updated 11:20 pm EDT, Tue May 10, 2011
Acer denies ex chief Lanci's claims on failure
Acer shot back at its ex-CEO Gianfranco Lanci's claims that their nationalism held the company back with a statement later on Tuesday. The PC builder rejected the notion that Lanci had been thwarted in countering the iPad by Taiwan executives' refusal to hire more foreign engineers. It also didn't see the CEO's nationality as a problem and cared only about whether its leader could foster long-term growth, which Lanci couldn't based on Digitimes' account of events.
The commentary instead blamed Lanci almost exclusively for its poor mobile performance. Whatever explanations he was giving out of the CEO position, he hadn't given any reasons for sub-par performance in fall 2010 and winter 2011, Acer said. Tablets were too early to gauge, but even the smartphone business saw overstock of devices like the Liquid Metal as well as financial trouble.
When touching on the performance of its Iconia Tab A500, Acer also denied that it was late to the tablet market because of its lack of engineers. The firm claimed to be proud of being second only to the Motorola Xoom in Android 3.0 tablet shipments despite Motorola having delivered just 250,000 Xooms in the first quarter of the year, or just over five percent of what Apple managed with the iPad.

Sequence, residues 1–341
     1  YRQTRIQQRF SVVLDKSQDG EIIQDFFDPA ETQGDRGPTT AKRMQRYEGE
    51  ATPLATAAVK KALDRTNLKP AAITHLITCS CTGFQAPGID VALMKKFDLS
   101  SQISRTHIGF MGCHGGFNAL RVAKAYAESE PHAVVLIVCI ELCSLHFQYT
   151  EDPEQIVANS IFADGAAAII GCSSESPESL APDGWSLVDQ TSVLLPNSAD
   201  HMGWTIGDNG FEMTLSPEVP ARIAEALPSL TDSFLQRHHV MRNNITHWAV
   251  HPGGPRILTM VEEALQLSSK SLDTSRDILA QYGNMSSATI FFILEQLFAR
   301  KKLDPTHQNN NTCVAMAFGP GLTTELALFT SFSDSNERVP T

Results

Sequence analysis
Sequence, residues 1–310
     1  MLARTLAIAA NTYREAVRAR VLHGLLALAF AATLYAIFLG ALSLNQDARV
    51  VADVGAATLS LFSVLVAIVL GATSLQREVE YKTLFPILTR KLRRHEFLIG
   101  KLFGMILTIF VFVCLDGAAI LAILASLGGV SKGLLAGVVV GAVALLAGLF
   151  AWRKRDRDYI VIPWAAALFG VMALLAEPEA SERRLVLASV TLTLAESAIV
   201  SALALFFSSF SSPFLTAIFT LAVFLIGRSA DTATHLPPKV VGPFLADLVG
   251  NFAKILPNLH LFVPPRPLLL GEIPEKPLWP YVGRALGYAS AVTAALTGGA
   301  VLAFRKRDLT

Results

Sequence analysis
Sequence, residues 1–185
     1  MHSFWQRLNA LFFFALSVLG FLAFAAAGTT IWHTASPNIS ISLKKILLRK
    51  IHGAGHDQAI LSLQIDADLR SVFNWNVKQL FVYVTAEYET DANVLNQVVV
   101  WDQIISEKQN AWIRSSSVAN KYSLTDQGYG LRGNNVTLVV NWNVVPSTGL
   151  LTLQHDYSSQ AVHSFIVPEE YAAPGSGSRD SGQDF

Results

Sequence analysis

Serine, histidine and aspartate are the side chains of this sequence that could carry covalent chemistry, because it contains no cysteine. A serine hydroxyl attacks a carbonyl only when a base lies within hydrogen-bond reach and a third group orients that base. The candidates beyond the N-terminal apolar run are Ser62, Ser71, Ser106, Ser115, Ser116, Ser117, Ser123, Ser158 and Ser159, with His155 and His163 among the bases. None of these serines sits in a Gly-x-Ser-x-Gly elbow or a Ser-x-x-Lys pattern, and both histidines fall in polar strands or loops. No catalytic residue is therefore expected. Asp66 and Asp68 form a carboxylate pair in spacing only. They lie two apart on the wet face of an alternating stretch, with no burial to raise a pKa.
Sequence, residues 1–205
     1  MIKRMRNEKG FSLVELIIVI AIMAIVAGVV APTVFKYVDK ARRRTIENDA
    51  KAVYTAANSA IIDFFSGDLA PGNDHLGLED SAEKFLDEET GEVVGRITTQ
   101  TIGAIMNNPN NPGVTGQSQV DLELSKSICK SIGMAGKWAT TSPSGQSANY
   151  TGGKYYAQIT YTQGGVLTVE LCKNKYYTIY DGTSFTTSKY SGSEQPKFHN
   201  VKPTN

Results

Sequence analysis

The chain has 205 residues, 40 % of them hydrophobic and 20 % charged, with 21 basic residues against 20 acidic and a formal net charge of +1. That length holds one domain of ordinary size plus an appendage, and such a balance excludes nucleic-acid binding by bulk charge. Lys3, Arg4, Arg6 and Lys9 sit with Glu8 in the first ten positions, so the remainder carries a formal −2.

Lanci hadn't responded to Acer's counterargument as of Monday night.
Acer's comments appeared to sidestep Lanci's larger argument that it was important to compete in the context of the iPad and not just a subset of the market. Many of the company's other top executives, including chairman JT Wang, also repeatedly insisted that the iPad was having no effect on netbook sales despite it becoming clearer that Apple was cutting in. Even as late as February, just two weeks before the iPad 2 was unveiled, Wang believed the iPad would cease to be a factor and that netbook sales would bounce back in step with the rise of Acer's first tablets.